The memorandum was modeled off of an amendment to the National Security Act proposed by Sen. Chris Van Hollen (D-Md.) earlier this year. In a briefing with reporters Friday evening, the Maryland Democrat said the report “fails to do the hard work of making an assessment.”

“The Biden administration is taking at face value many of the representations made by the Netanyahu government, but when there's clear, independent evidence to the contrary, they don't make that final conclusion,” Van Hollen said.

The report’s release also angered prominent Republicans, including Rep. Michael McCaul (R-Texas), chairman of the House Foreign Affairs Committee, who said the report served “no purpose other than to provide political cover to the president with his base."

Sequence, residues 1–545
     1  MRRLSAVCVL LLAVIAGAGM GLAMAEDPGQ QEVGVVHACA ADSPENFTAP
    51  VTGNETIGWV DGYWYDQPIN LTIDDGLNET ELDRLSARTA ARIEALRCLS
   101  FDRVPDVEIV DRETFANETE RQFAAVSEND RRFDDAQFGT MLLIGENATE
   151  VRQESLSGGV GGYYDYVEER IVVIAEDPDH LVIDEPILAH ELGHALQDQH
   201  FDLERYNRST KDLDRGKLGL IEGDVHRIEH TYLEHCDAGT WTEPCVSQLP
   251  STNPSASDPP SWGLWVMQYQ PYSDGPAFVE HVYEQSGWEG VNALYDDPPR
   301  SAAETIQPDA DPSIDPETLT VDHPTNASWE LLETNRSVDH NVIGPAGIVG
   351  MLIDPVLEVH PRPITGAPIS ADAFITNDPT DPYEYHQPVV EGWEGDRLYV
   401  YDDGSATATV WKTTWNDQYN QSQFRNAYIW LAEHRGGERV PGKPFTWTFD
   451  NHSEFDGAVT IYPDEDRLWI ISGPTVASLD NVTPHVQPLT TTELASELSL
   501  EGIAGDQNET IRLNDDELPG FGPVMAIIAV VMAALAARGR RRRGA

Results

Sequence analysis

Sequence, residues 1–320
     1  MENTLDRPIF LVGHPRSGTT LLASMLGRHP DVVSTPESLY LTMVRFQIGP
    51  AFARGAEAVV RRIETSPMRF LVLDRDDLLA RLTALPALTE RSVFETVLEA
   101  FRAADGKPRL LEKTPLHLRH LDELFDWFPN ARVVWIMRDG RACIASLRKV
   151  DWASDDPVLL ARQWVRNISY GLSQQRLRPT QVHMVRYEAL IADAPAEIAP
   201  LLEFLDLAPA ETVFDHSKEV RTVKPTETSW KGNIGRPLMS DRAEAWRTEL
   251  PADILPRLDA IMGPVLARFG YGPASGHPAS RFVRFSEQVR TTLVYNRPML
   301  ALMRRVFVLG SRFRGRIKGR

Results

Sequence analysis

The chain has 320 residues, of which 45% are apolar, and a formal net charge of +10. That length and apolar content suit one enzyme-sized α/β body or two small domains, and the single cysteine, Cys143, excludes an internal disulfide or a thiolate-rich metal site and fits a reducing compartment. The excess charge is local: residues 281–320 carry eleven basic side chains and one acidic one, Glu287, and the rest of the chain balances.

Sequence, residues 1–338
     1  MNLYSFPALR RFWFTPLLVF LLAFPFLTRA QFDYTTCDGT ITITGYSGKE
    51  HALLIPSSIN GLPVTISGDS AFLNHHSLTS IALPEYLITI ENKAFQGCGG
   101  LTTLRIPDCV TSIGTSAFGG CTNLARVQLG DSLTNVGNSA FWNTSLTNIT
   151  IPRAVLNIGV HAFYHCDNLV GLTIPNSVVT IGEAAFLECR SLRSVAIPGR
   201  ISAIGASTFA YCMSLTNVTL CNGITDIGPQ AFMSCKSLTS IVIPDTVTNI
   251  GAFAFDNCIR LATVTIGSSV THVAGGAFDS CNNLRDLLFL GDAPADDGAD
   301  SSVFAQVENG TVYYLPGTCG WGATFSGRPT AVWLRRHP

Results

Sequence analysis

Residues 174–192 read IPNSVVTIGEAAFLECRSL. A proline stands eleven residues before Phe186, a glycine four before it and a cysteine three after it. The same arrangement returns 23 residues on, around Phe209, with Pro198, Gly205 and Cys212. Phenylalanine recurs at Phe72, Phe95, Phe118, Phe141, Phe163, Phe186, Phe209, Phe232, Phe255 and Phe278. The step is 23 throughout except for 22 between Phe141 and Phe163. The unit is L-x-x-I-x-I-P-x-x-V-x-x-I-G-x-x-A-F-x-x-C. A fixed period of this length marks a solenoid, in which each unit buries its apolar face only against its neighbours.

Senator Jim Risch (R-Idaho), ranking member of the Senate Foreign Relations Committee, called it an attempt to "to placate voters on the far left at the expense of a close ally."

The State Department delivered its report days after Biden said he would withhold offensive weapons to Israel should it launch a major assault on Gaza’s southernmost city of Rafah. US officials have warned an Israeli ground invasion would cause massive casualties among the roughly 1.4 million Palestinians sheltering in the crowded city. 

The Health Ministry in Gaza said Friday that nearly 35,000 people — most of them women and children — have died in the war that Israel launched in retaliation for the Hamas-led killing of about 1,200 people on Oct. 7. That number is expected to climb significantly during a full-scale offensive in Rafah, where Israel says four remaining Hamas battalions are ensconced.